Sunday, February 28, 2010

The FITmedia Difference

Gone are the days of the large institution. Yet, it still continues to go through its once productive motions, buying up people's lives where it can, producing nothing but real-life zombies (no pun intended). These "cards" can be traded or terminated at the will of the mother institution, having no real freedom but the choice of reaction to the institution's cannibalistic actions. This choice of reaction is subject to the individual's attitude, which is in large part influenced by his intellectual diet, or lack thereof. Therefore, a diet of liberating and enlightening media would produce positive responses even to negative stimuli. And the total exclusion of limiting and disheartening media would change the zombie-esque "reactive" mentality into a spiritually vibrant "proactive" mentality.

Media is the source of many, if not all, of our cultural "instincts." The Media is, in itself, a large institution. As such, it is a friend and promoter of other large institutions by proxy. While it may glad-handle small business concerns in an effort to appear gregarious with the little guy, its high-aim is always to consolidate power and grow as a whole, rather than to enable its constituent cells to grow individually and then be dependent upon their donation of power to the central agency. Big institutional propaganda flows out to the masses, its effect is one which subsidizes the thought that big institutions are inherently good, despite the growing feeling that they have become largely dishonest.

In his book, The Coming Aristocracy, Oliver DeMille (Liberal Arts educator and founder of George Wythe College) discusses the concept of "mini factories." He defines it this way: "A mini-factory is anything someone does—alone or with partners or a team—that accomplishes what has historically (meaning the last 150 years of modernism) been done en masse or by big institutions." It is a process of individuals operating independently and with initiative because they care more and perform better for themselves and their families/communities than for a large, impersonal institution. These individuals and small groups can then share best practices through free-association.

At FITmedia, we want to enable mini-factories by hosting this free-association. As an institution, we will grow only as large as is necessary to effectively improve the whole, but never through controlling the whole. Because we believe in free-association and the sharing of best practices, we are a learning organization, seeking as much to understand the needs of the media creators and marketers we represent as to help them understand why certain practices work better than others to improve their respective productivity.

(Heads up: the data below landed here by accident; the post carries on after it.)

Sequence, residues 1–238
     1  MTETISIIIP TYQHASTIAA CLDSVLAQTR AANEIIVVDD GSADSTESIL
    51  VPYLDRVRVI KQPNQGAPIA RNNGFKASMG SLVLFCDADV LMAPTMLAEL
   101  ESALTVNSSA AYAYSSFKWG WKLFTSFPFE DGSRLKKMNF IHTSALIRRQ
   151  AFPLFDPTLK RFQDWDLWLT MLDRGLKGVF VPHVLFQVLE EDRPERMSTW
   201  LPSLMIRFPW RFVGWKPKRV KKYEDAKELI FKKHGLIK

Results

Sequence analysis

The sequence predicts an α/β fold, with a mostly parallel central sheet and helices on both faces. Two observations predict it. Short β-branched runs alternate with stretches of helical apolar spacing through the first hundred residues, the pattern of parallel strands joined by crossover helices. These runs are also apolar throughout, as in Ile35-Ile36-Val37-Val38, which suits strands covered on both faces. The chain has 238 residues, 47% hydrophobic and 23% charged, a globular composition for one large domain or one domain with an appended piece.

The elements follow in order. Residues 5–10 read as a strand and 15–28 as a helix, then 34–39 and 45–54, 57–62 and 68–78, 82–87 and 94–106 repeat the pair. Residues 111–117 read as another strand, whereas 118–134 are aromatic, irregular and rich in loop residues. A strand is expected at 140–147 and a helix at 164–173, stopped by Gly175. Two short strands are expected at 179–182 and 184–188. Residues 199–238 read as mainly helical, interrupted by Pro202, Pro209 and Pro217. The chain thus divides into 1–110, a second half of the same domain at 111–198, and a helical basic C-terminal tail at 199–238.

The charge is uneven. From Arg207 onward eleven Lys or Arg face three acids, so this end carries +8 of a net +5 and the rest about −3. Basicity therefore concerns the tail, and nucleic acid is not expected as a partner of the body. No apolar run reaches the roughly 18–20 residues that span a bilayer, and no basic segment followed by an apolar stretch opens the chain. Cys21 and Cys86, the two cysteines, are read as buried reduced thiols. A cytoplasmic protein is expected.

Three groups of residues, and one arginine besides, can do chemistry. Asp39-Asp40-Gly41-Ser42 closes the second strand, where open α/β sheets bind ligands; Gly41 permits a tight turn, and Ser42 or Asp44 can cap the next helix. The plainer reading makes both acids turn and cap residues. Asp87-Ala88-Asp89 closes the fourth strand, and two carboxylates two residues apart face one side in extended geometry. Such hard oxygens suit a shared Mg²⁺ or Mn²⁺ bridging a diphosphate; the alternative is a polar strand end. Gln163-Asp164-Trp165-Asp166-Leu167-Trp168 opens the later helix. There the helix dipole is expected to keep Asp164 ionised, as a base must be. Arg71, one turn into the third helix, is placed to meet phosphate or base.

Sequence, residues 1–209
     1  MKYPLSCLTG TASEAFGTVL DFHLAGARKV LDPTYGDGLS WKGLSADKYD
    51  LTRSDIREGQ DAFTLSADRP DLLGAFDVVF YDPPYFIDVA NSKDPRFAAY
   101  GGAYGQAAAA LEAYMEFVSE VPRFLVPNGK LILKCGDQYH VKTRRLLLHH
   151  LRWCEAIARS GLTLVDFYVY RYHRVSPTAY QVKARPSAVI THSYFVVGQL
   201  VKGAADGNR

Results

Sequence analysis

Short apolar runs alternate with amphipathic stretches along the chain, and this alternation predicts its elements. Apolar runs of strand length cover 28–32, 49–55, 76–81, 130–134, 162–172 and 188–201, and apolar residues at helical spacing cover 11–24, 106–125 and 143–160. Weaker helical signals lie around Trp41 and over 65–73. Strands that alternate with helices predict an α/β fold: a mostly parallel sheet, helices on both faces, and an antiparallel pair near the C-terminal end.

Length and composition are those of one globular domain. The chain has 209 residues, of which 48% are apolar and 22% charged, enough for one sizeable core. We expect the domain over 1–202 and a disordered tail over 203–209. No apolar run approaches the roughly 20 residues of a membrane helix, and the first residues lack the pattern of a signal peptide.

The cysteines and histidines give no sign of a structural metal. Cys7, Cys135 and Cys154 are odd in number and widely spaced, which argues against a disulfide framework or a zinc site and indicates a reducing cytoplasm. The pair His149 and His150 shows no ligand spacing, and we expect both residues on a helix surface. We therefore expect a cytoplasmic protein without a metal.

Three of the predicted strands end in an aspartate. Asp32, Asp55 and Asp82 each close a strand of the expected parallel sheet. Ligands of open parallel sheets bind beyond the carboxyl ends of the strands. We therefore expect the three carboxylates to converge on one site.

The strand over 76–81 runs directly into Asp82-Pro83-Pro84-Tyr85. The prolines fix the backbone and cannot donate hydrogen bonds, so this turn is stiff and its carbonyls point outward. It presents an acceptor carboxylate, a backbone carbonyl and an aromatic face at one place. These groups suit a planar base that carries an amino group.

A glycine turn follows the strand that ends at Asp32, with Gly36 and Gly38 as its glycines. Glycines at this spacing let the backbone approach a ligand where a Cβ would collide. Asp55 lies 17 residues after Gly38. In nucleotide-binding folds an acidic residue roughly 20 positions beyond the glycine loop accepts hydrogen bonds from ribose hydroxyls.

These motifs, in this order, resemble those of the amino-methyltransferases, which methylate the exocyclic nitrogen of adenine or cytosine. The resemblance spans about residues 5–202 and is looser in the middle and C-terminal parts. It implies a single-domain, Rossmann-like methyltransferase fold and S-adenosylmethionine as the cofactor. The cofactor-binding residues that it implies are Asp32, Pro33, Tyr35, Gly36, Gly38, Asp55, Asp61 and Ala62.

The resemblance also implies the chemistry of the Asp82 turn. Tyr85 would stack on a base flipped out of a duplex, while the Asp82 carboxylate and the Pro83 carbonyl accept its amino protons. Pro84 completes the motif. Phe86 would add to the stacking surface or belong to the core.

The idea is that the very best products and services are always created by those who are truly independents. Free people always follow their passions, because that is what they are made to do. It is not so much the path of least resistance, as it is the path of greatest motivation. The heights to which a person takes his passion is limited only by the weakness in his structure of action. This weakness is only as great as his ignorance of the truth. To facilitate this trend, FITmedia has made its front line the development of Truth in Fiction, which intends to institute a viral spread of entertainment media which also challenges people to improve themselves—their interest being invested in the speed of this spread.

Individual mini-factory media projects would seek their own funding and sponsorship from financiers and marketers who must of necessity agree with the mini-factory trend. There would be no interest for large organizations to fund these media projects unless they agreed with the truth contained therein. If this is so, then the organization is likely not dishonest.

The consortium of independents created through this process would have an interest in the continued trade of their resources as a part of this community. Loyalty would only be sustained to the degree that the whole consortium (or at least units of a certain size) continue to operate with a spirit of freedom, integrity, and truth.

That is the FITmedia difference.
FEATURED MEDIA: The Coming Aristocracy by Oliver DeMille. An easy to read, but still informatively dense, book about the rising powers of the elites in the upper class. DeMille succinctly lays out how the conflict is not "liberal" vs. "conservative," but independent vs. aristocratic. A must read for any free-thinker and a great place to start if you don't think you are.

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